Twitter is great. Well, it can be. Especially for companies that want to engage with their customers directly. But how do you reach a wider audience than just your followers?
Sponsored tweets allow companies to pay to have their message reach users who are not following them, and get exponentially more eyes on their product or service. They can be a powerful tool, but like any other platform, there are some important dos and don’ts to remember.
1. DO try to blend in
People can be strangely protective about their Twitter feeds; many see them as personalised expressions of themselves, a sort of safe space to interact with their friends. Okay, and celebrities. So when some unhip company intrudes on that by prattling on about their product, reaction can be negative.
Just as you should optimise your message for any platform, optimise it for Twitter. Tweet coinciding with a big event? Jump on the hashtag wagon, and tweak it for your product. Got an important celebrity endorsement you want to draw attention to? Go ahead and tag them with the @ sign. Blend in with the Twitter crowd. Not just during sponsored tweets, but especially during sponsored tweets.
Just as you should optimise your message for any platform, optimise it for Twitter. - Highlight to share -
2. DON’T try to trick people
That said, don’t try to trick users into thinking it isn’t an advertisement. People hate to feel deceived or duped. It’s okay to announce that you have a product or service that you’re selling. It’s okay to announce that you’re a company and not a twenty-something millennial.
The fact of the matter is, good ads still work. Even – yes – on Twitter.
3. DO offer good content for clicks
People are not going to click an advertisement just to be advertised to, at least not often. If you want their eyes on your brand, you have to remember the age-old rule (at least of the 21st century): content is king.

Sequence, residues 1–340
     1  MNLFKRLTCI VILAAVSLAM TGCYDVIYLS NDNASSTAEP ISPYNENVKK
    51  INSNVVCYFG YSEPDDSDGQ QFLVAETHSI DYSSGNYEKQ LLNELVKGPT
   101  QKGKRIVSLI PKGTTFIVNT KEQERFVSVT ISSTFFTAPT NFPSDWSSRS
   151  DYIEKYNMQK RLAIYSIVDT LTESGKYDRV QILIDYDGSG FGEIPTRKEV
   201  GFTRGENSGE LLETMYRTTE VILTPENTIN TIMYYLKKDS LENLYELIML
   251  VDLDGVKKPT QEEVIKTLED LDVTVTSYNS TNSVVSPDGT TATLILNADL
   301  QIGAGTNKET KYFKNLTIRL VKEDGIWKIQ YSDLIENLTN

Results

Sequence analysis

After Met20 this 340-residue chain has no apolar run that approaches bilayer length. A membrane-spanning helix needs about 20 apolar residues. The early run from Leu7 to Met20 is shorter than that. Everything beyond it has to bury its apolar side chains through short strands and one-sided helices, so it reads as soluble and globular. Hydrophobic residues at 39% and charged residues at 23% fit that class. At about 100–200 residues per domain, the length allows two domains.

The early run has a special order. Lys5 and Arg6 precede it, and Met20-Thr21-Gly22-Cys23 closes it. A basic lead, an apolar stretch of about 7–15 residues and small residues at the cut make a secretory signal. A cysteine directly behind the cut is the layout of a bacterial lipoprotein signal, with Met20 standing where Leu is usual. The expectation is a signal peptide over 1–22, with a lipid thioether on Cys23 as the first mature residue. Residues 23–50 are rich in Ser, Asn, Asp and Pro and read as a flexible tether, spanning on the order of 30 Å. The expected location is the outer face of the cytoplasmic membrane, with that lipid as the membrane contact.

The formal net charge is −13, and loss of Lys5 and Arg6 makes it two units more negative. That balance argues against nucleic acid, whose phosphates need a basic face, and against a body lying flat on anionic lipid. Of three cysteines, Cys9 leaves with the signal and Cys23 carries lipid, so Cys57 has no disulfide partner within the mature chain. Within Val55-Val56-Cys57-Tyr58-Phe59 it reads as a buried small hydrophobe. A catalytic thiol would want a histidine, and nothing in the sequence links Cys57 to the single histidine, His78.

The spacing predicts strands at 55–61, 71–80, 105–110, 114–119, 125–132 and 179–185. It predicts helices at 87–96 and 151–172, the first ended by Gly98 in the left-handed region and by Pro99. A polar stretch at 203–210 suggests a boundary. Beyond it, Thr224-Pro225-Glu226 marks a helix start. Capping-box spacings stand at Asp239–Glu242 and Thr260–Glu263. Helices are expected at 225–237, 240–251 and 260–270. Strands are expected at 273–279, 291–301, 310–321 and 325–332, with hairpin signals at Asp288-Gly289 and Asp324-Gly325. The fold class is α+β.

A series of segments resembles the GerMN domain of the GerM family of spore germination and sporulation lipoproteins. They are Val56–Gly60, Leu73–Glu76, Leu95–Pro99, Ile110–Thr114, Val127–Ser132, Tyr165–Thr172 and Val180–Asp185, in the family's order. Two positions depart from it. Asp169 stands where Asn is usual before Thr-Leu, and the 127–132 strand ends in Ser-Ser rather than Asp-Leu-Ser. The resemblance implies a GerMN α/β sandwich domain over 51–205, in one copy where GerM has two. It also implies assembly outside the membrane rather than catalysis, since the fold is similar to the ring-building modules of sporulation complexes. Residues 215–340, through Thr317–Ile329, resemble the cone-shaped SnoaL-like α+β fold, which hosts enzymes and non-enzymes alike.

When Red Bull sponsors a tweet, they don’t just show the nutrition label on one of their cans. They create astonishing, exciting videos of action sports athletes that they sponsor; videos that captivate and entertain, videos that even people with no (previous) inclination to buy a Red Bull would gladly click on and watch.
So whether it’s videos, pictures, engaging copy, useful tips, or something else entirely, remember that your customers’ time is valuable, and they won’t give you their attention for nothing. You don’t need explicit content, but you do need content, explicitly!
Your customers' time is valuable, and they won't give you their attention for nothing. - Highlight to share -
4. DON’T forget to answer replies like you would any other tweet
Perhaps the cardinal sin that companies can make when it comes to customer interactions on social media is to forget to interact! Twitter (along with other social media) offers direct, organic, real-time customer feedback – those precious, valuable moments where your marketing department doesn’t have to guess what customers want; customers are telling them. To fail to seize upon these insights by simply tweeting and then not engaging is to squander them.
Many companies forget that sponsored tweets can (and should!) be replied to like any others. Marketing departments pay per interaction, so some are hesitant to engage via sponsored tweets. But customers that have taken the time to respond to an advertisement – especially those who request additional information about the product or service being advertised – have often pre-qualified themselves as a potential sale. So please, DO talk back!
5. DO watch out for trolls
Remember: this is the internet. Worse, this is Twitter. Trolls – those who get their jollies by hassling, aggravating, and fooling others – know that companies pay for sponsored tweets by the interaction, and will try to goad even the most disciplined social media marketer into wasting their budget answering tweets like “Your product made my trousers catch fire” or “Product is invisible, please help.”
Obviously, respond to all genuine interactions but be aware that Twitter – of all the places on the web – can be littered with troublemakers.